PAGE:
Despite this reality, the CPA was deliberated and concluded as a dyad peace process between NCP and SPLM, excluding the other groups with legitimate grievances, and thereby leaving the impression that grievance can only be taken serious under the barrel of the gun. The crisis in Darfur, and other armed insurrections in the East and in the South are classic examples of how the CPA gave peace with one hand and incentivized violence with another.
In his brilliant article “A Flawed Peace Process Leading to a Flawed Peace,” John Young rightly pointed out that: “probably the biggest threat posed to the hopes for peace and stability in Sudan is the refusal of IGAD to respond positively to the demand of the rebels in Darfur for their voice to be heard in Naivasha. The Sudan Liberation Movement/Army (SLM/A), the dominant rebel group in Darfur, purposely timed its insurrection as a direct response to the denial of a place for itself at Naivasha peace talks. It has explicitly stated a fear that power and resources would be divided between the GoS and SPLM/A at the expense of the rest of the country. IGAD and the Troika also rejected demands by SSDF [South Sudan Defense Force], NDA [Northern Democratic Alliance], the Justice and Equality Movement (JEM), and other groups for a place at the peace talks.”
Indeed it is no coincidence that at the time of signing of the CPA, Sudan Tribune reported that a study showed that there were about thirty different armed groups, with forces adding up to approximately thirty-thousand personnel, capable of disturbing any meaningful peace in the Sudan. And yet the CPA ignored these groups, who have legitimate claims to power sharing, which makes them even more determined to make their voices heard by physical coercion, and spoiling the peace as is currently evident. For this reason it is not an exaggeration to label post-CPA Sudan as an absurdity of peace-building and accuse the CPA of complicity in the conflict. By excluding other groups, from the negotiation table, the CPA was not serious about promoting sustainable peaceful in the greater Sudan. Moreover, by confining power sharing to two parties only, the CPA implicitly reinforced the policy of marginalization and domination practiced by Khartoum.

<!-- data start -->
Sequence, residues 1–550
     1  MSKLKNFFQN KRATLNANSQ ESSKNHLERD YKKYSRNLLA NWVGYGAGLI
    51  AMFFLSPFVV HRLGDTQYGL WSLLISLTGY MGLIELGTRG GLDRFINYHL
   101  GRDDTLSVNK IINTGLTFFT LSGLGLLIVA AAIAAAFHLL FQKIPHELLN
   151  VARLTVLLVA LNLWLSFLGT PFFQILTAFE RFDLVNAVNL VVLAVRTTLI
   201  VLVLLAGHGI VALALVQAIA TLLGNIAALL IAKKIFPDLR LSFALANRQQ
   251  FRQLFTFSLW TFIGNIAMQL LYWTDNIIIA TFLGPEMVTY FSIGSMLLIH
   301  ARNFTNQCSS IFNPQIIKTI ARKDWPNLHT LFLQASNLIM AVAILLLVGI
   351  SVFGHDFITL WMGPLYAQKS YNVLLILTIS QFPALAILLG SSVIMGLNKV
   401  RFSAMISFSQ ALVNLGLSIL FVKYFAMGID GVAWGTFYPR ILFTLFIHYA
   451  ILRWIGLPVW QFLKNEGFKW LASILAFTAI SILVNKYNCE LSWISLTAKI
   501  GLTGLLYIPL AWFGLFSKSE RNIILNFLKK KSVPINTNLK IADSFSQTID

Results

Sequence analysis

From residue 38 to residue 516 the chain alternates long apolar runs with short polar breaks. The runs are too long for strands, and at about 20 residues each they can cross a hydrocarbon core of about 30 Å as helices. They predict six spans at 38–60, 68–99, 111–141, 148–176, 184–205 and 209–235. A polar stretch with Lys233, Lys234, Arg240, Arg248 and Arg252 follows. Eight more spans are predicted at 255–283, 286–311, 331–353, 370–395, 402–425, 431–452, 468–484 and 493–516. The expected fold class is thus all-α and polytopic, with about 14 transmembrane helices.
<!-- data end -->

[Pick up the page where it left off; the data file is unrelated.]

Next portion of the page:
Sadly, as we now see in Juba the power sharing arrangements of the CPA have been used by the SPLM to aggressively implement marginalization policies across regions, tribes, clans and political interest syndicates. This has created space for political opportunism, corruption and nepotism as different actors scramble for the crumbs that fall off the table of powers that be in Juba, and thereby deepening identity divides in an already highly ethnically charged and militarized society. Thus the power sharing protocol of the CPA has been aptly summed up by Young as “a formula designed by the GoS to let Garang, and his supporters grab the lion’s share of power and thus precipitate tribal conflict in the South.”
Finally, the absurdity of peace-building in South Sudan lies in that the CPA legitimizes centralization of authority, and reconfigures in the South the same power structures that existed in the North. As Young succinctly concludes: “under the direction of the US-led Troika, IGAD has managed a peace process that is unlikely to lead to sustainable peace, and even less likely to result in Sudan’s democratic transformation. By failing to address the power inequities that are at the core of Sudan’s multiple crises, and failing to appreciate that conflict resolution in the periphery requires transformation at the center, it ensures that civil strife which already has spread from southern Sudan to the West will spread to other parts of the country…the weakness of the peace process can be said to begin with lack of a commitment to democratic values, the failure to bring other political forces and civil society organizations into the process, the absence of transparency of the process itself, the endorsement of power sharing by two parties that have no democratic credentials….”